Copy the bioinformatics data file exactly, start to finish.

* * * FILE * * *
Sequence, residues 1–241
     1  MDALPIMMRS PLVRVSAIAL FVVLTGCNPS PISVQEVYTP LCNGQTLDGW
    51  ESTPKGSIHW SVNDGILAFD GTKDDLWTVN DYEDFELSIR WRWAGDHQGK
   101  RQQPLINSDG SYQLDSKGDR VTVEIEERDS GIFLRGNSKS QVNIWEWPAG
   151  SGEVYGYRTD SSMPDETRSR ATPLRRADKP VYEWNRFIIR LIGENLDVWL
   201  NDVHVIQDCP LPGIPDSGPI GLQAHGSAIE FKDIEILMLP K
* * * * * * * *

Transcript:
Sequence, residues 1–241
     1  MDALPIMMRS PLVRVSAIAL FVVLTGCNPS PISVQEVYTP LCNGQTLDGW
    51  ESTPKGSIHW SVNDGILAFD GTKDDLWTVN DYEDFELSIR WRWAGDHQGK
   101  RQQPLINSDG SYQLDSKGDR VTVEIEERDS GIFLRGNSKS QVNIWEWPAG
   151  SGEVYGYRTD SSMPDETRSR ATPLRRADKP VYEWNRFIIR LIGENLDVWL
   201  NDVHVIQDCP LPGIPDSGPI GLQAHGSAIE FKDIEILMLP K